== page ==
As an exhibiting artist and part of the organizing team for the group exhibition called DR/OP BEYOND BOUNDARIES, Boo Sze Yang shares, in this video, how the exhibition came about. In addition, he reveals to intersection.sg why he is uncomfortable with assuming the curator’s role, preferring instead, a system that is more unstructured and organic.
Yayoi Kusama is one of the world’s most influential artists. Known for her iconic dots, nets, pumpkins and infinity rooms, her art has captivated millions all over the world.– National Gallery Singapore
This year’s blockbuster artist at our 2 year old National Gallery Singapore is a anchored by a survey show of Japanese artist Yayoi Kusama, Life is the Heart of a Rainbow. As concisely described, there are lots of dots, big and small and in different colours, making up nets, articulating pumpkins and filling up spaces affectionately called ‘infinity rooms’.
Look out for revealing photographs of Kusama’s time in New York in the ’60s in the Singtel Special Exhibition Gallery. They are not artwork per se but are important for understanding the conditions that Kusama was working in.
Particularly fun are photographs of her early experimentations in fashion design. Initially, they were made for her performances and photography. Legend says that one day she had bumped into someone wearing her stolen design on the street. She tracked the pirate dressmaker down and the incident eventually led to the establishment of Kusama Fashion Company Ltd. in 1968. Unfortunately, it is no longer in operation so we cannot buy Kusama wear anymore except at Louis Vuitton, Uniqlo and X-girl. You could get socks at Gallery & Co. on the ground floor of National Gallery Singapore, though.
Kusama’s work is not only shown in the Singtel Special Exhibition Gallery but also sprawled across the Koh Seow Chuan Concourse Gallery, the City Hall Chamber and the UOB City Hall Courtyard.
The National Gallery of Singapore is the first to host a major survey of her work in Southeast Asia, a feat that can only be possible with the collaborative support of Queensland Art Gallery | Gallery of Modern Art (QAGOMA), Brisbane, Australia; David Zwirner Gallery, New York; Ota Fine Arts, Tokyo, Singapore; Victoria Miro Gallery, London; and a significant number of Kusama’s collectors from Singapore and other parts of Southeast Asia. Life is the Heart of the Rainbow will travel to QAGOMA in November.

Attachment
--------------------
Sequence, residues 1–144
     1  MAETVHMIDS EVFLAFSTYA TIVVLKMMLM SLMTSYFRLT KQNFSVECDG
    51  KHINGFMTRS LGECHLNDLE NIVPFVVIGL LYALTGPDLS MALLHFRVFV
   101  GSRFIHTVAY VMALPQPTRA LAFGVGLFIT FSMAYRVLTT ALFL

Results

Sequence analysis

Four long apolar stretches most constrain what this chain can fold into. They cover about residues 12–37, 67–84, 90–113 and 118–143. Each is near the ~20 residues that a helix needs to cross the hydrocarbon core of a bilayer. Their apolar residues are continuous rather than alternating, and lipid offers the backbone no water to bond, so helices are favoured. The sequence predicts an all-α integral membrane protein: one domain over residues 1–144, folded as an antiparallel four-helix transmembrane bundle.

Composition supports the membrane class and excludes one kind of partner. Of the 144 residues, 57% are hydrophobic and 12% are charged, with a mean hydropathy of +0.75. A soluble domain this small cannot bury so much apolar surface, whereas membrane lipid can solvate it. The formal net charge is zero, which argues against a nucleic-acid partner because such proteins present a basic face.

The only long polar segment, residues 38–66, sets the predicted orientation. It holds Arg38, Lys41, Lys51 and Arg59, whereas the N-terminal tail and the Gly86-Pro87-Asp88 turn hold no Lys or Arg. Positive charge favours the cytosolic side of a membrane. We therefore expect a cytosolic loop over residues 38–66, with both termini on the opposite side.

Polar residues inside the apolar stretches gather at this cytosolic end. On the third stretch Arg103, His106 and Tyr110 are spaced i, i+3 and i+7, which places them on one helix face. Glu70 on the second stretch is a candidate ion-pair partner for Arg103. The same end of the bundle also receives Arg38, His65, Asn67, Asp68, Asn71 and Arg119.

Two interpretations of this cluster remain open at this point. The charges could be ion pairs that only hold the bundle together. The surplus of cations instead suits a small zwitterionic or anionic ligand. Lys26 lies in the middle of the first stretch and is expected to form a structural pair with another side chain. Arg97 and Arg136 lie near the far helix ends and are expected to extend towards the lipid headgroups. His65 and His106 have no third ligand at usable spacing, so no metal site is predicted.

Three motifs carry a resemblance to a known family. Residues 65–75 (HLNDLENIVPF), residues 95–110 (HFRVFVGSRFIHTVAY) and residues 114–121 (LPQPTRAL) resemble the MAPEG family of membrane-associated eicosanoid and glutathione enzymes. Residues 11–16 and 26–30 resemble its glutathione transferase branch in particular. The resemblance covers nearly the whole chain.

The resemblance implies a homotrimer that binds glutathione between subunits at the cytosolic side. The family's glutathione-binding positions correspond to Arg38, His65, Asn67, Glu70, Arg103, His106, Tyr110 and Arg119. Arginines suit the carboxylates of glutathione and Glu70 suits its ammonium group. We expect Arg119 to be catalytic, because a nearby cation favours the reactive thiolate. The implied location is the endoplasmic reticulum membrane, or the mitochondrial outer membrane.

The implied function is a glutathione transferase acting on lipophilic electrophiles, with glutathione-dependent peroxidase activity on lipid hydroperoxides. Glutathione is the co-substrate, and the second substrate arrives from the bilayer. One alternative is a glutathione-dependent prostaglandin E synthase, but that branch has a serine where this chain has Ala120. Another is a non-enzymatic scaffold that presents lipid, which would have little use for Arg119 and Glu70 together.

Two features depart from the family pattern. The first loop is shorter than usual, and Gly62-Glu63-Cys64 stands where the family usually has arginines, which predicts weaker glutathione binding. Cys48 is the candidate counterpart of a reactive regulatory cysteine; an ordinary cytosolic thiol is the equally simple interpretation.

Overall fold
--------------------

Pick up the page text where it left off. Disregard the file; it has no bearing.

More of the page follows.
Learn more about the exhibition on the NGS website here.
Yayoi Kusama: Life is the Heart of the Rainbow
9 June – 3 September 2017
Singtel Special Exhibition Gallery
$15 (Singaporeans/PRs) / $25 (Non-Singaporeans)
Gallery Children’s Biennale: Dreams and Stories
20 May 2017 – 08 Oct 2017
Koh Seow Chuan Concourse Gallery
Free (Singaporeans/PRs) / $20 (Non-Singaporeans)
Yayoi Kusama: Dots Obsession
UOB City Hall Courtyard
Free for all
More information about ticketing here.
National Gallery Singapore
1 Saint Andrew’s Road, #01–01
+65 6271 7000
Sundays to Thursdays, 10am – 7pm
Fridays and Saturdays, 10am – 10pm
After Mizuma Gallery’s last Japanese exhibition, The Great Exhibition by Ken & Jula Yonetani, comes Aoyama Satoru and Ken Ikeda with The Age of Disappearance. Like the Yonetanis, Aoyama and Ikeda are dealing with concern about the state of people in today’s society. While the Yonetanis had dealt with visual symbols of a world corrupted by past our actions, Aoyama and Ikeda are taking a more activist stand, pointing out our own investment in further corrupting the present and future.
One of the first things that catches the visitor is the use of UV light in the show. The usual gallery spots switch on and off, providing 2 different views of the works on show. Both Aoyama and Ikeda use invisible ink in their works, which only shows up in the presence of UV light.
With Aoyama, beautifully hand embroidered maps of the world reveal political boundaries when the lights go off, pointing out the invisibility of the difference between people from two countries. The unmarked atlas suggests a world united while the invisible thread shows us the societal fabric that divides us all.
Ikeda also plays with invisibility, using luminous and non-luminous paint to produce documentation after musical performance. Nails hammered at random spots on wooden boards boast unique splash patterns that are enjoyable to look at twice: once in regular light and again in UV light. These modest wooden boards were once connected to a more sophisticated electrical setup to produce experimental music. Rubber bands connect the nails, producing tones when strummed. The paint is distributed by Ikeda’s fingers, which have been stained by both luminous and non-luminous paint. It is an interesting series of work for thinking about action: was it sufficient to think about music (action), or do we also think about the aftermath of music (the boards)? As an additional layer of fun, the boards are two-faced, unable to reveal itself to the viewer in a single look. You do need to look at it at least twice.
The show features many more works, including a few pieces jointly made by Aoyama and Ikeda. As an additional bonus to street art lovers, the work of local artist Anthony “ANTZ” Chong makes a special appearance in several of Aoyama’s works.
There are just 2 more weeks before the show ends. Find out more about the exhibition on Mizuma Gallery’s website.
The Age of Disappearance: Two-person exhibition by Satoru Aoyama and Ken Ikeda
1 July – 6 August 2017
22 Lock Road #01-34
+65 6570 2505
Tuesdays to Saturdays, 11am – 7pm
Sundays, 11am – 6pm
Enter the whimsical world of Mizuma Gallery’s current exhibition and you will find a myriad of photographs – a series of old and new, starkly juxtaposed with colour and B&Ws.